[40] The case of Gibbs v. Hopkins, 10 F.3d 378 (6th Cir. 1993), is directly on point. In that case, an inmate alleged that prison officials retaliated against him for providing legal assistance to other inmates. Like Herron, the plaintiff in Gibbs neglected to allege that his services were vital to the other inmates' right of access to the courts. The trial court granted summary judgment to the defendants based on this omission. On appeal, this court reversed and remanded, stating that "[w]e . . . believe that Gibbs should be allowed to amend his complaint to properly allege a constitutional claim of denial of access to the courts, including an allegation that there are no reasonable alternatives which ensure access to the courts for the prisoners at the Chippewa Correctional Facility." Id. at 379. Given the fact that Rule 56 imposes a more demanding burden on a plaintiff than Rule 12(b)(6), it would be incongruous to dismiss Herron's retaliation claim in view of Gibbs's reversal of summary judgment when considering the same omission.

[41] As an alternative ground for its holding, the magistrate judge also concluded that none of the disciplinary actions that Herron alleges in his first supplemental complaint rise to the level of impermissible retaliation. The magistrate judge drew upon pre-Thaddeus-X precedents in so holding, and mistakenly applied the general retaliatory standard to claims that allege retaliation against Herron's exercise of First Amendment rights. Thus, regarding Herron's most serious allegation that he was sentenced to five days of administrative segregation in retaliation for assisting Muhammad, the magistrate judge found that "a prison disciplinary conviction and confinement to segregation for creating a disturbance neither shocks the conscience nor egregiously abuses authority." Under the proper standard expressed in Thaddeus-X, however, this court has found that placing an inmate in administrative segregation "could deter a person of ordinary firmness from exercising his First Amendment rights." Dunham-Bey v. Holden, No. 98-15220, 1999 WL 1023730, at *2 (6th Cir. Nov. 5, 1999). See also Gibbs, 10 F.3d at 378 (stating that segregation of a jailhouse lawyer in retaliation for providing legal aid would be constitutionally impermissible).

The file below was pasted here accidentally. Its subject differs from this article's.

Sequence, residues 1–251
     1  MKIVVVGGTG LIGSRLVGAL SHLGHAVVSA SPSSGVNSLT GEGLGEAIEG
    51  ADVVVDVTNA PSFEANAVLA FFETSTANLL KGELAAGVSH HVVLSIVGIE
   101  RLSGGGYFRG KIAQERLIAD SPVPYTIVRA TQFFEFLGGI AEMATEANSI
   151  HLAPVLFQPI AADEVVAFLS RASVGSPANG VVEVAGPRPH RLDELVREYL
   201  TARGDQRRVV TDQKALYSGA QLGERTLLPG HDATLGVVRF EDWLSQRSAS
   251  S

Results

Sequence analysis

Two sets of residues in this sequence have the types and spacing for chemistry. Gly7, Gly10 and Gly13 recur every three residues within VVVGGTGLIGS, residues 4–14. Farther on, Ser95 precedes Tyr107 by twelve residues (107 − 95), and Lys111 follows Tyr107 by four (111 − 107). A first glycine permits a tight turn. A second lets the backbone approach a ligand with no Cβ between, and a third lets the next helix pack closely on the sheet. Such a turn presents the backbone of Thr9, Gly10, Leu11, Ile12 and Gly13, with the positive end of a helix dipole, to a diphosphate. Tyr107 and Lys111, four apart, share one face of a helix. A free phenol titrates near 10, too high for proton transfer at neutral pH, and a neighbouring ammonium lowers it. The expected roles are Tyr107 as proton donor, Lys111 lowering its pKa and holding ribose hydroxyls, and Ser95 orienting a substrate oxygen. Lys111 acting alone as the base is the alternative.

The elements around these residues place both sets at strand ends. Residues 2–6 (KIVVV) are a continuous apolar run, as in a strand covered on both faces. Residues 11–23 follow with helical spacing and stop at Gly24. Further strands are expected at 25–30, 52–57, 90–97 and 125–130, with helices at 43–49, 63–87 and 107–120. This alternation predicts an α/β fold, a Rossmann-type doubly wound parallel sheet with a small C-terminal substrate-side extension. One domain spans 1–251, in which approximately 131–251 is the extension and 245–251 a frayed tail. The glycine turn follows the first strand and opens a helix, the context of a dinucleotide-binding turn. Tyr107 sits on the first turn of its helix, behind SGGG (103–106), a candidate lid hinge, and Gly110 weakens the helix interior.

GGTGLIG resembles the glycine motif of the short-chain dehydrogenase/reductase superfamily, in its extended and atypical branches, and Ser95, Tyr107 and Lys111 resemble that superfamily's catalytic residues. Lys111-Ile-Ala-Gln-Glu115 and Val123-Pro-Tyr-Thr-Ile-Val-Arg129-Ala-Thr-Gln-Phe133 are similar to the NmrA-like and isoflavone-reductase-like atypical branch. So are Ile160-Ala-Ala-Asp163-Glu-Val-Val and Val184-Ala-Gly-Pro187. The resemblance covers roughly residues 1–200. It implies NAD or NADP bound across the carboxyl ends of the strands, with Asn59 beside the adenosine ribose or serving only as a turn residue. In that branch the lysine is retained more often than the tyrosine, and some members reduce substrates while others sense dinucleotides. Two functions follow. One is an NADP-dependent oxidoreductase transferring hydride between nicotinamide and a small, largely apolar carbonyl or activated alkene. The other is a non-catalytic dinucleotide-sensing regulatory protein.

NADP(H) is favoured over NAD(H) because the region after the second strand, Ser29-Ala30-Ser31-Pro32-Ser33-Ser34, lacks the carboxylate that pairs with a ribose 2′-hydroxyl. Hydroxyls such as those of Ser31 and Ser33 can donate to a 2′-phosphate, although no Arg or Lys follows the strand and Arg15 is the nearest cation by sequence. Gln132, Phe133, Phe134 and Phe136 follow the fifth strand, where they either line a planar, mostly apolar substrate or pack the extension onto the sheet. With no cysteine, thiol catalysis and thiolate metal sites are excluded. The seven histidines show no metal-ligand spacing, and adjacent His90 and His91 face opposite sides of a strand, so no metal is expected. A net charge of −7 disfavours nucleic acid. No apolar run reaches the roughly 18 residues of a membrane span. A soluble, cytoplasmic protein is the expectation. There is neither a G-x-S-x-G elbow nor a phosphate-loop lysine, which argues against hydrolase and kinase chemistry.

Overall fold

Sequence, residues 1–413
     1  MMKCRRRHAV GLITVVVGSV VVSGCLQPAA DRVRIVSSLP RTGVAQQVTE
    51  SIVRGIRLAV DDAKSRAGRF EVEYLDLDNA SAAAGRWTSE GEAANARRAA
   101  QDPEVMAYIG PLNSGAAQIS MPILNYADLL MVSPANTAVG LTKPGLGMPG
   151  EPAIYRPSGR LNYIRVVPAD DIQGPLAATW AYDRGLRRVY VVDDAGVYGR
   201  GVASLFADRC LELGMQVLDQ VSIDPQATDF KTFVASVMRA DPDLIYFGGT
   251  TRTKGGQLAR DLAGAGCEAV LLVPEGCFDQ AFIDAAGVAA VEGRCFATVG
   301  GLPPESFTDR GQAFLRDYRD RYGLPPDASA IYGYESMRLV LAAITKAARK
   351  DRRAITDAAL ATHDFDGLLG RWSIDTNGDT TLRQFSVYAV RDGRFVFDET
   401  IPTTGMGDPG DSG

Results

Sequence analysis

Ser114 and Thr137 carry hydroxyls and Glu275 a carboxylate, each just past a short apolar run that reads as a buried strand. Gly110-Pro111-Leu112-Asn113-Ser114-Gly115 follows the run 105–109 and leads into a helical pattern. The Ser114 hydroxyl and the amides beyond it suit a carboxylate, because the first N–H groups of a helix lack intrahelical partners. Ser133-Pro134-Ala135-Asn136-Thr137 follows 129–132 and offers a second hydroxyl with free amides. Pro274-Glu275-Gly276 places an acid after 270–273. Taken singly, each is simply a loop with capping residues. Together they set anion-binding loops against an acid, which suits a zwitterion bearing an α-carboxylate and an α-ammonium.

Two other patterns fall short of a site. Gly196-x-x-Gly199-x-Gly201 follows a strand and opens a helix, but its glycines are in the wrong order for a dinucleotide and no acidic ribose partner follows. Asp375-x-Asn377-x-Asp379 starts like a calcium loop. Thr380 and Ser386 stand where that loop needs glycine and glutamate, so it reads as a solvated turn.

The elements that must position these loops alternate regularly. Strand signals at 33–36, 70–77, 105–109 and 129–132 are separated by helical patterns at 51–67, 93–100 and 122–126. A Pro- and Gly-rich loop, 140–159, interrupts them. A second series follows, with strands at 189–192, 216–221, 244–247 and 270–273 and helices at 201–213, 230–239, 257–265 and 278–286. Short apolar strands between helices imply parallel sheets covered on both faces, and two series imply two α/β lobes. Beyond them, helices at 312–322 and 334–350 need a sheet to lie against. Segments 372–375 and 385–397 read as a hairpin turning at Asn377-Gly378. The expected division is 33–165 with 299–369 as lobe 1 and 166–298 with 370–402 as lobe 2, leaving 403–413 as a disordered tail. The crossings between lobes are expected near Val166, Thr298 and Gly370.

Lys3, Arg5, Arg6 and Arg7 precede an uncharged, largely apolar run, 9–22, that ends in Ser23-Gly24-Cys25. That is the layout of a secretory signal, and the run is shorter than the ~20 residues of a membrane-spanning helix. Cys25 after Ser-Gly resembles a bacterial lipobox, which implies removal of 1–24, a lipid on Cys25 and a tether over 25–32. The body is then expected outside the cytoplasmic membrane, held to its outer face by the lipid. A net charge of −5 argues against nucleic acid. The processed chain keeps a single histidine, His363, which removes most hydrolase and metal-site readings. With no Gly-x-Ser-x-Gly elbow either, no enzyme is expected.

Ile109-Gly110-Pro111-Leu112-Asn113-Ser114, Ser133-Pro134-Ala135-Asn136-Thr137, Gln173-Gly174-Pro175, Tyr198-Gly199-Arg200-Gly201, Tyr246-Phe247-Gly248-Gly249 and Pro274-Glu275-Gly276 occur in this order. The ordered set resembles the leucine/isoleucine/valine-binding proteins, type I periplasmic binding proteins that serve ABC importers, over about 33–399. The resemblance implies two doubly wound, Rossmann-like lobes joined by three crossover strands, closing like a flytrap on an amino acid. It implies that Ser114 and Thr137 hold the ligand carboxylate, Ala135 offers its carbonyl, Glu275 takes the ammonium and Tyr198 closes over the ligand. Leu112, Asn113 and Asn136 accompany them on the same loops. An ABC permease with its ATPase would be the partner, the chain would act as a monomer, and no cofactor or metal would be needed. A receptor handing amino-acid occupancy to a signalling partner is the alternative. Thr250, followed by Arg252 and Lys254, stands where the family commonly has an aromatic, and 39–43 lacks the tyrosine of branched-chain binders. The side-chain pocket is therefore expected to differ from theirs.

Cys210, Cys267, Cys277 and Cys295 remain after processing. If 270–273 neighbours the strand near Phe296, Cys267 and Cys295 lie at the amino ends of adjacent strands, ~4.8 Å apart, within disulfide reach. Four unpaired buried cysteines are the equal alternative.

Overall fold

[42] With the exception of demonstrating that his assistance was needed by Muhammad, then, Herron has made out a prima facie claim of First Amendment retaliation under Thaddeus-X. He alleged that he engaged in protected conduct (legal assistance), that he was subsequently disciplined to a degree that might deter an ordinary person from such conduct, and that the two incidents were causally linked. Should Herron produce evidence showing that the inmate he assisted required that assistance, he will have established all three elements of a prima facie claim of unconstitutional retaliation. We therefore reverse the magistrate judge's dismissal of the retaliation claim alleged in Herron's first amended complaint and remand to allow Herron to amend his complaint if he so chooses.

[43] C.Herron's equal protection claim

[44] The magistrate judge properly dismissed Herron's equal protection claim, which was raised in both his original and supplemental complaints. An equal protection claim must assert that the plaintiff suffered class-based discrimination. See McCleskey v. Kemp, 481 U.S. 279, 292 (1987); Henry v. Metropolitan Sewer Dist., 922 F.2d 332, 341 (6th Cir. 1990) ("To state a claim under the Equal Protection Clause, a § 1983 plaintiff must allege that a state actor intentionally discriminated against the plaintiff because of membership in a protected class" (citation and internal quotation marks omitted)). In his original and first supplemental complaints, Herron invokes the Equal Protection Clause without identifying the protected class to which he belongs. Herron is more specific in his second supplemental complaint, where he asserts that "[t]he acts and practices of the defendants described in . . . this complaint violates [sic] plaintiff's Fourteenth Amendment right against discrimination based on religion." He has not, however, alleged specific incidents of religious discrimination outside of the claims already considered and dismissed in Herron v. Bradley. These claims may not be raised again. See Montana v. United States, 440 U.S. 147, 153 (1979) ("Under res judicata, a final judgment on the merits bars further claims by parties or their privies based on the same cause of action." (citations omitted)).


[46] For all of the reasons set forth above, we REVERSE the magistrate judge's order of dismissal as to the retaliation claim found in Herron's first supplemental complaint and REMAND for further proceedings consistent with this opinion. We AFFIRM the dismissal of the remainder of Herron's claims.